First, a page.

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Possible Duplicate:
Should I disconnect my MacBook Pro’s power cord when the battery is fully charged?

I'm wondering if it's reasonable to use a MacBook Pro Retina as a desktop replacement with power-cord plugged in all the time? Or does the battery suffers from this kind of use?

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marked as duplicate by Gerry, patrix, gentmatt, Michiel, Mark Nov 5 '12 at 13:48

This question has been asked before and already has an answer. If those answers do not fully address your question, please ask a new question.

Since your question seems to be just about wether or not is it OK to keep the power adapter plugged in, I feel it's been already asked and answered here and here. – Gerry Nov 5 '12 at 11:14
-1 for duplicate posting as @garry already pointed out – FLY Nov 5 '12 at 11:32
up vote 3 down vote accepted

Well, Apple does not recommend leaving your portable plugged in all the time, as for a lithium-based battery, it's important to keep the electrons in it moving occasionally. MacBook / Pro, though, are designed to deliver up to 1000 full charge and discharge cycles before it reaches 80% of its original capacity.

A charge cycle means using all of the battery’s power, but that doesn’t necessarily mean a single charge. For instance, you could listen to your iPod for a few hours one day, using half its power, and then recharge it fully. If you did the same thing the next day, it would count as one charge cycle, not two, so you may take several days to complete a cycle. Each time you complete a charge cycle, it diminishes battery capacity slightly.

Since 2009-2010 laptops carry a technology called Adaptive Charging which basically is a chip within the battery that talks to its cells monitoring everything from charge level to temperature. The chip relays this information to the computer, which uses an advanced algorithm to determine the optimal charging current. Adaptive Charging reduces the wear and tear on the battery giving it a lifespan of up to 5 years.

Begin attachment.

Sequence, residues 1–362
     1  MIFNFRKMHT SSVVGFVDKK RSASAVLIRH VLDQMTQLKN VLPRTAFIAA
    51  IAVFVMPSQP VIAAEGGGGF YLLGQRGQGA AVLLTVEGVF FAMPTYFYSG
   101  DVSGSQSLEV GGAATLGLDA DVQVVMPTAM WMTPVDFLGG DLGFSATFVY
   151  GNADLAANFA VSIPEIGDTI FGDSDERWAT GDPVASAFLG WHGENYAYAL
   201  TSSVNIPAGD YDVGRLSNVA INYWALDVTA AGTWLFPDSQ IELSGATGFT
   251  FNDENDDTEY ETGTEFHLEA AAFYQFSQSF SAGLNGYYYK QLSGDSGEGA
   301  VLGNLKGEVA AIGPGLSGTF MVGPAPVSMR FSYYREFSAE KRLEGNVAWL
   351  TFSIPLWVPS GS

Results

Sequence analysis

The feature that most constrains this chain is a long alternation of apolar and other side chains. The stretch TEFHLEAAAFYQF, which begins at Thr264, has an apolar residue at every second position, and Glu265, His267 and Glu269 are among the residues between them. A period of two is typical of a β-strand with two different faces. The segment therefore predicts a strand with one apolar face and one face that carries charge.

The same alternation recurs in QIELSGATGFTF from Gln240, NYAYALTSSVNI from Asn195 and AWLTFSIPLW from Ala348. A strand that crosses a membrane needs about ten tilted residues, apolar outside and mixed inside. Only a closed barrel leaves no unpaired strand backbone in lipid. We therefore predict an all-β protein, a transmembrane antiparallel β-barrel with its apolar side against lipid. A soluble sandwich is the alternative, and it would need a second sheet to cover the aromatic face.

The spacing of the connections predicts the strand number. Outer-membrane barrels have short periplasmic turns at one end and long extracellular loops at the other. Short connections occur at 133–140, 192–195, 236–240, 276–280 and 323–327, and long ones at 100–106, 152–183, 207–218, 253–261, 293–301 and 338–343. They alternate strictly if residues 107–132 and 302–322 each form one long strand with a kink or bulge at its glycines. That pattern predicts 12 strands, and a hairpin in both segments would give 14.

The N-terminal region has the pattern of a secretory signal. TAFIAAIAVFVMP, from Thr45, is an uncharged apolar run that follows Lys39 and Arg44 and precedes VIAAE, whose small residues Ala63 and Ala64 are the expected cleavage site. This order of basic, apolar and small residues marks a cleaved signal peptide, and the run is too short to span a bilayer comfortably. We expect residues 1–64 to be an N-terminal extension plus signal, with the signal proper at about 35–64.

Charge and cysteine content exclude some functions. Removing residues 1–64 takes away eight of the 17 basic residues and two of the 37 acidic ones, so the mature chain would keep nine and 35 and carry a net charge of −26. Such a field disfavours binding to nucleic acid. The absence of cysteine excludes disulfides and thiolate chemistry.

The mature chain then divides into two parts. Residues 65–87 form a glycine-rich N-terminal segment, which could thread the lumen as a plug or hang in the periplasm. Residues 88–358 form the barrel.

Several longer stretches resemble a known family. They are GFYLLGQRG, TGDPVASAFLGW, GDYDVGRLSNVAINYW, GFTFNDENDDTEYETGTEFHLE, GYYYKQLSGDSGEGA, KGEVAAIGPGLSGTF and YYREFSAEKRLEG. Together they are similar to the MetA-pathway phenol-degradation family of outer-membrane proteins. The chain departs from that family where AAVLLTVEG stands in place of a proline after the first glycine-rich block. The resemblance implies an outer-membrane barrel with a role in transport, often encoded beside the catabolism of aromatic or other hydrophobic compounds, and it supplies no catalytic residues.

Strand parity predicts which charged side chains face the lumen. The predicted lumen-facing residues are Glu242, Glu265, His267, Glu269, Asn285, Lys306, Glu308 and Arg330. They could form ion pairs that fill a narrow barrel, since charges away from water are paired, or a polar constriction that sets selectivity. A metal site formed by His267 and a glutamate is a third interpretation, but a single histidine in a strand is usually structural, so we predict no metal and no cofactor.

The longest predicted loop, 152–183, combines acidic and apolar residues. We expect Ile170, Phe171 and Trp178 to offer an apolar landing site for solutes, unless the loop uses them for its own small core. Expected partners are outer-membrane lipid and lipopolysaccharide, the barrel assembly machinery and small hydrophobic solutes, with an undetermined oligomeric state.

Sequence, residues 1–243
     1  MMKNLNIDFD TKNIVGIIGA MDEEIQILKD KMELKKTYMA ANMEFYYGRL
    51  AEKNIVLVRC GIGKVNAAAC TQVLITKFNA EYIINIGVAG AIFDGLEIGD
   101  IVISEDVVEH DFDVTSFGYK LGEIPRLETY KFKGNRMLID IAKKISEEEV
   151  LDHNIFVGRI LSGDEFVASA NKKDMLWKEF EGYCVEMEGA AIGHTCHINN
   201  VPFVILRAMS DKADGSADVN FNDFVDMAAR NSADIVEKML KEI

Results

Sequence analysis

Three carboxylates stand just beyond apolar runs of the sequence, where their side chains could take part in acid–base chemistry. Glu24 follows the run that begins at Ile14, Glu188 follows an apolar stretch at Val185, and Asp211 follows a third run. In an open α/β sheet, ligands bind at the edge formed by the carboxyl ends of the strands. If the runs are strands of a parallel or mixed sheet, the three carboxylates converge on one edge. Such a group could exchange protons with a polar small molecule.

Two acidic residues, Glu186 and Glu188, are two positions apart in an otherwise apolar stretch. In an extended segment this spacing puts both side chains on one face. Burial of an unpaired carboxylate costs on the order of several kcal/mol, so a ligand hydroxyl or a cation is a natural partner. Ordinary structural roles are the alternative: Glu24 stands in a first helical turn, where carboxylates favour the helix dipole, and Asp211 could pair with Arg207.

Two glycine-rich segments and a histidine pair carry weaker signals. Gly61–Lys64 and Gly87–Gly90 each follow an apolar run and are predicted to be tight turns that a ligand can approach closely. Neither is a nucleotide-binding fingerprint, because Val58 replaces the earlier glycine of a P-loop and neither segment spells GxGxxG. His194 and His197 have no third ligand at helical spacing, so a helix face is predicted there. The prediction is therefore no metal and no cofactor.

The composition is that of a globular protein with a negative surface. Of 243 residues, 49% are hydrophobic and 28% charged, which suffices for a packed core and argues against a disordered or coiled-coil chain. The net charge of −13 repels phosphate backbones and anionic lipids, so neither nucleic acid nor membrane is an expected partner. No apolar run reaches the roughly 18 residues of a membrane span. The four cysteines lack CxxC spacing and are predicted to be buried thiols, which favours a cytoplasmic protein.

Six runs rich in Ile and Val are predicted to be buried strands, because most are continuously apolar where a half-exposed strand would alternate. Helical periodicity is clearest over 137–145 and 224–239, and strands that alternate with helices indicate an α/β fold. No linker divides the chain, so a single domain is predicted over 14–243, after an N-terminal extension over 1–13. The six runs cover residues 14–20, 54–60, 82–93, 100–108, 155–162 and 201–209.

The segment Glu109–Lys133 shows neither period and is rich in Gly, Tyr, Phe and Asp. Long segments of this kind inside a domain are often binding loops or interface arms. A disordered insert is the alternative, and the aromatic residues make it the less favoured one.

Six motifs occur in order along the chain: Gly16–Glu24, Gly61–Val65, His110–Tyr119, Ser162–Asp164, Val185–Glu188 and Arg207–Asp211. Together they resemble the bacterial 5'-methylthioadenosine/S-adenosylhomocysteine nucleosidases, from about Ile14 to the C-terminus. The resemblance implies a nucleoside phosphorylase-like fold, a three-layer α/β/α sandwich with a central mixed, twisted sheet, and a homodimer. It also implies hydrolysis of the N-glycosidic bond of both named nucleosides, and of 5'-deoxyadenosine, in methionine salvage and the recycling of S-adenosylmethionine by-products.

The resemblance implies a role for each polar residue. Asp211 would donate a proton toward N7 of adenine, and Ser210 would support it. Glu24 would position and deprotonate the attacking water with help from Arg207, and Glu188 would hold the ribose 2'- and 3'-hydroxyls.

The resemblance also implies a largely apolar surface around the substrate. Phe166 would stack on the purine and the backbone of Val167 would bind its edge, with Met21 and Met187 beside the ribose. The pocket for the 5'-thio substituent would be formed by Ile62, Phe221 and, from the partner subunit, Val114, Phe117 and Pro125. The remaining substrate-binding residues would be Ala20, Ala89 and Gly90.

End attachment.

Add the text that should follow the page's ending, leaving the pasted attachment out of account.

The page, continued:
So, I'll actually won't worry that much about the battery. Just try not to keep it plugged all the time, and remember to do a full charge cycle at least once per month.

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There are a few aspects to this:

  1. Does it harm the battery if it's hooked to the charger all the time?
  2. Does it harm the battery if it's stored at full charge?
  3. Does it harm the battery if it's charged without being discharged?
  4. Why does Apple want my to discharge it regularly?

  1. Imagine what would happen if the battery is charged all the time the charger is plugged in. The battery would be overcharged leading to a dramatic fault. To see what happens check this one.

  2. Actually it does harm the battery, but not much. I still use my MBP Mid 2009 with it's first battery. I kept it at full charge most of the time, having only 121 charging cycles in three years and it's still at 93% of it's design capacity. You can look this up via ioreg -l | grep LegacyBattery on the command line.

  3. No, it doesn't. This is the main reason why lithium ion and lithium polymer batteries are used in modern equipment. (Beside the fact, that they offer a large current, but this is not that interesting for laptops, but for drills.) If you want further information about lithium batteries and their lifetime under special conditions which include being charged to 40% you might want to have a look at this.

  4. While discharging and recharging, a chip embedded in the battery measures the amount of charge the battery can still hold. There is no safety issue or reduced lifetime if you won't do that, but it makes the Battery menu item's information inaccurate.

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That’s ridiculous, any Apple device has protection against overcharging. No MacBook will explode. 4. is factually wrong. – idmean Aug 28 '15 at 15:43
@idmean Are you sure you understood the 4th point? It's not about overcharging or exploding devices. – Max Ried Aug 28 '15 at 16:01
Probably I partly misunderstood 4. But I also don’t think that this chip needs the battery uncharged to determine the amount of charge the battery can still hold. Do you have anything backing up that claim? – idmean Aug 28 '15 at 16:06

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